JEB SHARP: The current quarrel between the U.S. and Israel is of great interest to Arab news consumers too. The World's Jason Margolis has more on what they are reading and hearing.
JASON MARGOLIS: Professor Makram Khoury-Machool studies the Arab media. He teaches at the British Universities of Cambridge and Hartfordshire. Khoury-Machool has been following the coverage of the U.S.-Israel spat within the Arab media. He says angry reaction about Israel's settlement building, not really that surprising. But Khoury-Machool says the Arab world isn't especially focused on Israeli actions right now.
MAKRAM KHOURY-MACHOOL: The change this time, I mean the Arab media was very much concerned this time, whether the American administration is going to change it's foreign policy towards Israel. This was the main focus rather than whether the Arab world is angry with Israel's actions. The Arab world is angry with Israel's actions anyway.
MARGOLIS: Khoury-Machool says Arab columnists are split between those who believe the Obama Administration really wants Israel to free settlements, and those who believe the Obama administration is just paying lip service to curry favor in the Arab world. To understand this schism with how Arabs are feeling about the Obama administration, you have to rewind nine months to Cairo. That's when President Obama delivered this speech to the Arab world.
PRESIDENT BARACK OBAMA: The United States does not accept the legitimacy of continued Israeli settlements. This construction violates previous agreements and undermines efforts to achieve peace. It is time for these settlements to stop.
MARGOLIS: President Obama's speech resonated hugely within the Muslim world. Michele Dunne, with the Carnegie Endowment for International Peace said the President didn't break much ground with new policies. But she says Mr. Obama's speech showed a remarkable sensitivity towards Muslims.
MICHELE DUNNE: In quoting the Koran and the raising things from Muslim history and civilization and so forth and showing that he had respect for those things that was what was remarkable for it.
MARGOLIS: But now, nine months later - -
DUNNE: There is a lot of disappointment across the Muslim world with what Obama said he would do and what has actually happened.
MARGOLIS: That leads some to suggest there really isn't that much disagreement in the Arab world. That the relationship between the Israel and the U.S. comes first, and Arab interests are an afterthought. Rami Khouri is a syndicated columnist based in Beirut.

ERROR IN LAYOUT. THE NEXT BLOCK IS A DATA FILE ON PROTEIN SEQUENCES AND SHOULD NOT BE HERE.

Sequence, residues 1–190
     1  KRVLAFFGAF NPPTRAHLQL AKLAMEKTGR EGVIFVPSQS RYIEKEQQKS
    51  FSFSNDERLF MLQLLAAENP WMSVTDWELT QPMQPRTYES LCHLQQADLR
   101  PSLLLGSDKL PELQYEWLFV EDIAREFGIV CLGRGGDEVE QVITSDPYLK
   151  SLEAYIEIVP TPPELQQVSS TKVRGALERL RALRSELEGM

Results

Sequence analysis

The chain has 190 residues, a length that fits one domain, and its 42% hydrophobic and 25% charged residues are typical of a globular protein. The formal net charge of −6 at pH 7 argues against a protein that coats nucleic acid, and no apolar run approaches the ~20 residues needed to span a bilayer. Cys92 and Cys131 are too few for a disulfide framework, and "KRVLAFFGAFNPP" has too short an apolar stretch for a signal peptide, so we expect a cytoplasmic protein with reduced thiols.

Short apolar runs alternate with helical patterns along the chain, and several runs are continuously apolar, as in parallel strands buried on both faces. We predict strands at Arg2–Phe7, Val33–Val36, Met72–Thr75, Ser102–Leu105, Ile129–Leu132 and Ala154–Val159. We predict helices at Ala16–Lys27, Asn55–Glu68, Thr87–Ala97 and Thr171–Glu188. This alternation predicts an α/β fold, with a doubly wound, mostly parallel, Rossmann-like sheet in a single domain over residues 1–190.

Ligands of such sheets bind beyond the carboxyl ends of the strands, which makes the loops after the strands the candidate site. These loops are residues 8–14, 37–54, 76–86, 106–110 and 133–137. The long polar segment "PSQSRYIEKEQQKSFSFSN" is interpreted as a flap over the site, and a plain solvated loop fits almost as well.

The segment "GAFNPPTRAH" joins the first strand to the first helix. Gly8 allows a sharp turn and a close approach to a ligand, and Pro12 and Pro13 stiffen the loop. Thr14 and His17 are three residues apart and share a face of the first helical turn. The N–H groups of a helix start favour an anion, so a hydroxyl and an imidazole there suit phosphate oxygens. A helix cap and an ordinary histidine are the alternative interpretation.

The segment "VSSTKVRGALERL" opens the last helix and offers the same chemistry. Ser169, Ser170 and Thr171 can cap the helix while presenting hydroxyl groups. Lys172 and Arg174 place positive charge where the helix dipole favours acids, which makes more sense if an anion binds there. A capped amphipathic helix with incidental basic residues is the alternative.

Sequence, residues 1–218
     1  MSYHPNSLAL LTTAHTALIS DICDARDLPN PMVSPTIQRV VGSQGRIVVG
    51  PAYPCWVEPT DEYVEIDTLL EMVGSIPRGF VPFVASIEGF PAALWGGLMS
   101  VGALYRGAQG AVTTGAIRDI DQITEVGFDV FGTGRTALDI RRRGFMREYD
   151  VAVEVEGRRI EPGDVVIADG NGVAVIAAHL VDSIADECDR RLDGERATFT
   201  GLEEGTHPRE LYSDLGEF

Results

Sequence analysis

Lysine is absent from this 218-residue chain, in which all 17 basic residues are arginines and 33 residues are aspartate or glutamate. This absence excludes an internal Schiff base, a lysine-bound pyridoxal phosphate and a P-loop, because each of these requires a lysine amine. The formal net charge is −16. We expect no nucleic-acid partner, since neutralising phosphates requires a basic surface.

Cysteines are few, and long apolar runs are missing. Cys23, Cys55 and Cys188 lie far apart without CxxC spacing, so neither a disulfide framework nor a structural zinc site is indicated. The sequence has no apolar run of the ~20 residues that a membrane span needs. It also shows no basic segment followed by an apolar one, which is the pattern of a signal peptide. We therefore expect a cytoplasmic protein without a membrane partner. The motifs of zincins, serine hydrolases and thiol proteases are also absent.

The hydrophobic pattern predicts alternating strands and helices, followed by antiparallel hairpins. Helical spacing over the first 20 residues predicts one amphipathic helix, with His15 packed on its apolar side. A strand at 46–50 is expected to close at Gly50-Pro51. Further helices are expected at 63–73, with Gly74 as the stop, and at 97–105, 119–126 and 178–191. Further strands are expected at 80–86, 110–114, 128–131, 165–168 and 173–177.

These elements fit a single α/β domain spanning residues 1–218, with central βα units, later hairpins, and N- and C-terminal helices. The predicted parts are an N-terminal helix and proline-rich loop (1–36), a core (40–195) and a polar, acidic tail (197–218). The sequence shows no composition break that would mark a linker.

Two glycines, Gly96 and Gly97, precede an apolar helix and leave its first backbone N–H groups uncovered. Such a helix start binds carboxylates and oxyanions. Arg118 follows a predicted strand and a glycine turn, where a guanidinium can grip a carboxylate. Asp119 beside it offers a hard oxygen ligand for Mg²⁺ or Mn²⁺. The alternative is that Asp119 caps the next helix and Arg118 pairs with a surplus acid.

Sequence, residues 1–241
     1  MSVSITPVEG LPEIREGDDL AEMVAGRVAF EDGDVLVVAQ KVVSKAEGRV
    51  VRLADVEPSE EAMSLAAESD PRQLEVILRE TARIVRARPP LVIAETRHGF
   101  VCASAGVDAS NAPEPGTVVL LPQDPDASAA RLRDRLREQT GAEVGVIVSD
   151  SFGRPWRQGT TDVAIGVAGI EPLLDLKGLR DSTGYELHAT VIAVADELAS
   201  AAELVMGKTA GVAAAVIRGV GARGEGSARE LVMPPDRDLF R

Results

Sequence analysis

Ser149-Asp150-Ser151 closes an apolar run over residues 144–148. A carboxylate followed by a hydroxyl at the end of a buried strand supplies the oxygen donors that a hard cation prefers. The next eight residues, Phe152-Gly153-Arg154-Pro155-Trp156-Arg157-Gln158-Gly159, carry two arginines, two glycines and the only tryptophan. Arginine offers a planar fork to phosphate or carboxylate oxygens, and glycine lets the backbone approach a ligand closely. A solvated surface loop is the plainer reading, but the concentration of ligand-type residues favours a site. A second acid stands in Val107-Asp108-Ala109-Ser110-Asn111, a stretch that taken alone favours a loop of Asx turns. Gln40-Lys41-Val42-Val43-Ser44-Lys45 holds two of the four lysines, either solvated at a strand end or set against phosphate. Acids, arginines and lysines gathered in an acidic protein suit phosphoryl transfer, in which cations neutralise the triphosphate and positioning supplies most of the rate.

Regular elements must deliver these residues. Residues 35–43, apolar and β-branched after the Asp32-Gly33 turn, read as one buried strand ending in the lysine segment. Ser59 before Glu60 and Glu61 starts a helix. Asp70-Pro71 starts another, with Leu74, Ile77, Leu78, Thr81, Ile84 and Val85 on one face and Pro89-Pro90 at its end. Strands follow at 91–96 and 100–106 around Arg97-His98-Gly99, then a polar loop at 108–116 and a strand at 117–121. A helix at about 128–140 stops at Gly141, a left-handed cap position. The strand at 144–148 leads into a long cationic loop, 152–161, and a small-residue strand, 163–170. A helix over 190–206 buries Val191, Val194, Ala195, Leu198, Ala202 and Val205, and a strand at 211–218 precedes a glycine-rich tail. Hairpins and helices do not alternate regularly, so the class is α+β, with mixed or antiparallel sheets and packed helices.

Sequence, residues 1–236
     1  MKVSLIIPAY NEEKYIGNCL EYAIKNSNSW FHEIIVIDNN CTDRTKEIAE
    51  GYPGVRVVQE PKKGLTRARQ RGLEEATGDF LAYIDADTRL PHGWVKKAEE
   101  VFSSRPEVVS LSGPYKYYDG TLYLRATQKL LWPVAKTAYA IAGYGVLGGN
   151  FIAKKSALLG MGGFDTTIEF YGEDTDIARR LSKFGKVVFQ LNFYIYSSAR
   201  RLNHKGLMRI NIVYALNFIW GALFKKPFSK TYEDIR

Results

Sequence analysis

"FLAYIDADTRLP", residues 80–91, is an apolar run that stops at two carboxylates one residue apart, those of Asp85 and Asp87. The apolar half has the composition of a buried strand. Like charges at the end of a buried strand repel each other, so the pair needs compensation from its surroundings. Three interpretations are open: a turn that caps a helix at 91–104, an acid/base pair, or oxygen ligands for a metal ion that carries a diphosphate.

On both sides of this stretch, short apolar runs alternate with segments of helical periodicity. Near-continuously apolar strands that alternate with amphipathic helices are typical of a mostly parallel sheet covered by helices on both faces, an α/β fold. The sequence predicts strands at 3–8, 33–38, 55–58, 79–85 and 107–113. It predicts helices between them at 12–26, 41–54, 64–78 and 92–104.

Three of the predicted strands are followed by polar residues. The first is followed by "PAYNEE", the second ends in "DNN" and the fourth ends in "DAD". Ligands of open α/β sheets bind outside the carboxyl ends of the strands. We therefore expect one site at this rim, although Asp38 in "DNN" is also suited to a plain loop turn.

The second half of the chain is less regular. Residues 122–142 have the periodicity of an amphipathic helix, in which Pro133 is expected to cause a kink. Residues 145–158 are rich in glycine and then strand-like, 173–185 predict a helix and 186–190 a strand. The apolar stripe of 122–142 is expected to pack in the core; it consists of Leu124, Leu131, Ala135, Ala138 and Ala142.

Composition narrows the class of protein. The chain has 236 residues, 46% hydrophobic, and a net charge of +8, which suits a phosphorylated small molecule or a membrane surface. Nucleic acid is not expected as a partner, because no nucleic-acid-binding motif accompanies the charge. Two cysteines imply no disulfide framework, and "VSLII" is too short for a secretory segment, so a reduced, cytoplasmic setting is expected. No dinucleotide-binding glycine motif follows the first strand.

RAMI KHOURI: Generally, people are saying well, don't be fooled. The Americans are criticizing the Israelis now, and Clinton is saying this and Obama is saying this, but in a few weeks the APEC is holding it's convention, the major Israeli lobby in the U.S. The APEC convention will bring things back to normal.
MARGOLIS: But while many Arabs expected dispute over new Israeli settlements to end in disappointment for them, Steve Crane of the Brookings Institution sees a positive side. He argues that the current U.S.- Israeli dispute may actually help improve relations between President Obama and those in the Arab world.
STEVE CRANE: He's re-engaging on an issue that's important to them. He's re-engaging on this issue of settlements which in many respects is symbolic for them of a greater American commitment to resolve, finally, this conflict.
MARGOLIS: But President Obama has to do more than just re-engage in the Palestinian - Israeli conflict, he has to win the current argument over settlements, says Carnegie's Michele Dunne.
DUNNE: If once again the Obama administration sort of backs down and accepts far less than these demands that we've now heard that Secretary of State Clinton has made of Prime Minister Netanyahu, then again it will look as though Obama takes no for an answer.
MARGOLIS: The Obama administration may have to take no for an answer. Despite attempts on both sides to minimize the diplomatic dispute, Israel says it stands behind its long held policy of building in East Jerusalem. For The World, I'm Jason Margolis.